I know. The name is pretty lame, because we had to come up with a name before we start the project and even learn anything about compilers and programming language design. In retrospect, I would have called it something like “Moore” or “Cell” (okay, probably not good names either ).

MPL is a programming language that I, along with 3 other fellow classmates, designed and implemented for COMS 4115 - Programming languages and Translator. It is a Domain Specific Language (DSL), meaning it does not work for everything. Instead, MPL deals with matrices and images. We wanted it to be concise, cool, and reasonable to implement because this is a ~2-month course project.

We designed the language to be light-weight. Something like a scripting language using which we can quickly load images and run image processing operations on them. A simple example is blurring:

```
int blur() {
int sum;
sum = #NW + 2*#N + #NE + 2*#W + 2*#E + #SW + 2*#S + #SE;
sum = #C * 4 + sum;
return sum / 16;
}
int main() {
Mat img;
int i = 0;
pgmread("lena.pgm", img);
while(i < 20) {
blur @ img;
i = i + 1;
}
pgmwrite("lena-out.pgm", img);
}
```

The program converts the image to the left to the one to the right, as shown here:

The one line that does the trick is

```
blur @ img;
```

We call `@`

the **apply operator**, read as “apply to”. This line “applies” the `blur`

function on a matrix, which represents an image. The `blur`

function is not a normal function you see in C and Java. Instead, like all other MPL functions, `blur`

is an **entry function**, which can only be “applied” to a matrix.

It turns out that mathematically, the blurring procedure can be modeled as a “convolution” between a kernel and matrix. Inside of `blur`

is essentially a kernel. See here for an excellent visual explanation.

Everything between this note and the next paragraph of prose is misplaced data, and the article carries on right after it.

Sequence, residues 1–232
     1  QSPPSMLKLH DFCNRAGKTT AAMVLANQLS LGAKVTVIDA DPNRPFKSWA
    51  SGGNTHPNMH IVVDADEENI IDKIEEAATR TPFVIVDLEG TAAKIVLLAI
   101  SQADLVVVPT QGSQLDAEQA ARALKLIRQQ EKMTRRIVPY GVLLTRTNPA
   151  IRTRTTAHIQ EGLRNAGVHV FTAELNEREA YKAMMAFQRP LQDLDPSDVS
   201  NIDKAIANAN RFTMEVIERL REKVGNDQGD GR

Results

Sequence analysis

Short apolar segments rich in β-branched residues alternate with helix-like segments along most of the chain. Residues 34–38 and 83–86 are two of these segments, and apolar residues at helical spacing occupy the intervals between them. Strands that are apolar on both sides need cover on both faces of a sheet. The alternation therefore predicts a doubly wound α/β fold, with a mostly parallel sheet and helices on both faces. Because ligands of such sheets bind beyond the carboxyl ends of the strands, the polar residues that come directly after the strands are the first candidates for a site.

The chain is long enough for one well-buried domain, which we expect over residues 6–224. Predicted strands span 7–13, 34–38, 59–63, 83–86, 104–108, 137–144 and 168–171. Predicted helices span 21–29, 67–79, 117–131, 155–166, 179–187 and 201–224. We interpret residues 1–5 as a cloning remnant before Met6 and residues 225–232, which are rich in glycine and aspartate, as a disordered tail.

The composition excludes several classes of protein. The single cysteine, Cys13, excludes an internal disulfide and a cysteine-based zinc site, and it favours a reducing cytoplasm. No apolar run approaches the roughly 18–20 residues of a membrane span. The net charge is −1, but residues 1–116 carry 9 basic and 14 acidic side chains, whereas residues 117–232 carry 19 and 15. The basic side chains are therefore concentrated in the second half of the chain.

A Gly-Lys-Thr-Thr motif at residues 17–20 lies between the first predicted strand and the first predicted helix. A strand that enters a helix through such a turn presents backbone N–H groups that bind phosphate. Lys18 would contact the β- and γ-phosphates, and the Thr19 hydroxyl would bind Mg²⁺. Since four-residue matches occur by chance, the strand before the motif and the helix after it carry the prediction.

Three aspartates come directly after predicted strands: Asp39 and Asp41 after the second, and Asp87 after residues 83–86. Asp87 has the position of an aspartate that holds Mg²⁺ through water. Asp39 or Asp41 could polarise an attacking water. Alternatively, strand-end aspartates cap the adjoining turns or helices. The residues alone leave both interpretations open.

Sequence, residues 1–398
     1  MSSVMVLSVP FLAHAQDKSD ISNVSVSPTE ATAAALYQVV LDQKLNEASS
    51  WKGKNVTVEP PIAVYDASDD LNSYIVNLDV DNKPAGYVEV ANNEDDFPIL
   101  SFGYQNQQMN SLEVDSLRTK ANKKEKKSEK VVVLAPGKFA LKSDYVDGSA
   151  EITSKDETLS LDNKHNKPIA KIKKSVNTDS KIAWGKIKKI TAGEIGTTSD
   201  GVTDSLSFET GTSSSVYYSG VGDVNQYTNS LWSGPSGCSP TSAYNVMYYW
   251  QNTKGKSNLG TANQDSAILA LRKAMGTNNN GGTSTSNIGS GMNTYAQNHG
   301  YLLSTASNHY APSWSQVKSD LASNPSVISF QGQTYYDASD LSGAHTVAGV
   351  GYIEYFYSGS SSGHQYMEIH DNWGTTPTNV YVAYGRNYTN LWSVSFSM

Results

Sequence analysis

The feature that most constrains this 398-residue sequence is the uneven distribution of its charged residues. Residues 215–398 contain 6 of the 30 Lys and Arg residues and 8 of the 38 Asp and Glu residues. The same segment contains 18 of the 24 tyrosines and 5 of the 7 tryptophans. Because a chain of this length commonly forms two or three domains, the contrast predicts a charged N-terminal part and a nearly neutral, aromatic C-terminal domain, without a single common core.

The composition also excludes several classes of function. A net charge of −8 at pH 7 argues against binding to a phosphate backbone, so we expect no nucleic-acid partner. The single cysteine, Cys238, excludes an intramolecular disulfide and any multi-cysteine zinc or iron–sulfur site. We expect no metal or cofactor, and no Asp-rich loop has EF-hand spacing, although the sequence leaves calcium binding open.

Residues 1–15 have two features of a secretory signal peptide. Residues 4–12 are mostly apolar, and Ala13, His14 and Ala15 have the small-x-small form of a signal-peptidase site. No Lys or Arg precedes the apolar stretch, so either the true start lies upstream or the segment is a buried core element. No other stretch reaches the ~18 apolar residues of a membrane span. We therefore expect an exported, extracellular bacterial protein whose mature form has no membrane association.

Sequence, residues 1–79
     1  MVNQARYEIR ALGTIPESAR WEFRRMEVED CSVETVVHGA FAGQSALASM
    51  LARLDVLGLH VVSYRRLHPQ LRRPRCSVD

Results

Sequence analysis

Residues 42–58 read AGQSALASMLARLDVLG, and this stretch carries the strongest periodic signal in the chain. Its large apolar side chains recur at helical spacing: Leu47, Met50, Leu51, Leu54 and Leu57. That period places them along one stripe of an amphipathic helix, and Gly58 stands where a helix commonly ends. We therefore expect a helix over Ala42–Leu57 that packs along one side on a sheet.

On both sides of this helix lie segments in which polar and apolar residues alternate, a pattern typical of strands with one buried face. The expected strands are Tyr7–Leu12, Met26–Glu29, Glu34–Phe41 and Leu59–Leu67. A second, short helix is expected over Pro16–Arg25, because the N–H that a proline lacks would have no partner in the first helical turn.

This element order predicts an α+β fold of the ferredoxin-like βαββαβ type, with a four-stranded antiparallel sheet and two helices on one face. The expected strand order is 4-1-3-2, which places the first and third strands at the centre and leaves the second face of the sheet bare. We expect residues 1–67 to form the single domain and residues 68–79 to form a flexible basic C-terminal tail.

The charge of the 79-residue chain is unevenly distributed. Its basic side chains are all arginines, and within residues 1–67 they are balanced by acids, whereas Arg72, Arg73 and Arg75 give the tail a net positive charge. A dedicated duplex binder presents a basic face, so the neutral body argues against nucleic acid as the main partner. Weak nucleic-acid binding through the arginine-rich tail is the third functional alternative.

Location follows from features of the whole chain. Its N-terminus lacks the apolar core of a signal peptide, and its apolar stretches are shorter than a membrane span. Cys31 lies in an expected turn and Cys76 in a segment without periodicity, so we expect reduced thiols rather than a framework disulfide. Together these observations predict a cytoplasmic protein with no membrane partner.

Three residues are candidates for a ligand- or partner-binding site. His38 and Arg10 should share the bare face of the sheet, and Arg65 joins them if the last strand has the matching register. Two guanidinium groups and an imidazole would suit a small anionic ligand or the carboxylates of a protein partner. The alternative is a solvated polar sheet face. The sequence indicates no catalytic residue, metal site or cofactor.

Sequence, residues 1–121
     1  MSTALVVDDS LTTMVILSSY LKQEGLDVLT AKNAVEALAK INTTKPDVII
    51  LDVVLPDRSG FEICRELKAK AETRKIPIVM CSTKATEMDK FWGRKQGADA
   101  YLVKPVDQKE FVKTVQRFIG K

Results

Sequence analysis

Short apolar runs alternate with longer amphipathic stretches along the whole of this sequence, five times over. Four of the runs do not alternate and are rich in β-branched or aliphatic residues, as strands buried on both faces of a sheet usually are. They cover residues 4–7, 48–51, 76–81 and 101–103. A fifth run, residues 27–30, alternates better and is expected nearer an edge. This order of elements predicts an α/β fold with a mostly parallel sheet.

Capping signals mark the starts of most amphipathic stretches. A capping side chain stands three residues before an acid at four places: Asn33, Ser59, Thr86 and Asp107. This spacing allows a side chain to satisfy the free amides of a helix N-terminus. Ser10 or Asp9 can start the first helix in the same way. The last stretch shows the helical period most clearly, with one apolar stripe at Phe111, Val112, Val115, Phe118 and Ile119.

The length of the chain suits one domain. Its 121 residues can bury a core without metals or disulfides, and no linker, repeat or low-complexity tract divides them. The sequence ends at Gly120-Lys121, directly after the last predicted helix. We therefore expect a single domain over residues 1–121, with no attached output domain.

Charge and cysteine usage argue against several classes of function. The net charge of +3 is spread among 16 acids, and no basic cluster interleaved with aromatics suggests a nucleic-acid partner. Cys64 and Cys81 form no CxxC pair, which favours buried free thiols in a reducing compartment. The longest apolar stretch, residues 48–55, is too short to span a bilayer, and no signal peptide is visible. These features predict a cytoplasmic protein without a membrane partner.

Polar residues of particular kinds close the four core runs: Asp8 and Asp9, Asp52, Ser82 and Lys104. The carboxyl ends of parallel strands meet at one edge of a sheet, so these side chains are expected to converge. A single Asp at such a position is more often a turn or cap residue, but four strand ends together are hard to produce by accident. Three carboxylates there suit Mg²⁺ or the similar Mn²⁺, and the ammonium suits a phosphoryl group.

In MPL, each entry function has access to its immediate neighbors. This might sound insufficient, but it turns out that local operations on small neighborhood can achieve a great deal! In MPL, we are using 8-neighborhood, also called **Moore Neighborhood** (hence the alternative name).

Of course, people have thought about this idea in PLT a long time ago and came up with syntax for convolution. In MPL, we generalized this idea to support conditionals, which is more than convolution (technically, not linear shift invariant).

One day a teammate showed me this epic video of Conway’s game of life. I was amazed by the complexity of the scenes and also the simplicity of the game itself.

This turned out to be the final demo. We did a glider gun, which regularly shoots out “gliders”. We resolved edges by wrap-around. That’s why you see the gliders come back to destroy the gun.

Here is a spaceship that we simulated (this thing is quite huge, the console can’t keep up with the refresh rate all the time ):

The language is far from complete due to the time limit and the fact that I was taking OS at the same time (maybe I’ll talk about the pain and gain in that class later). I still like it a lot because we built a complete compiler from scratch, which turned out to be an extremely fun process, and we got some visually pleasing results at the end.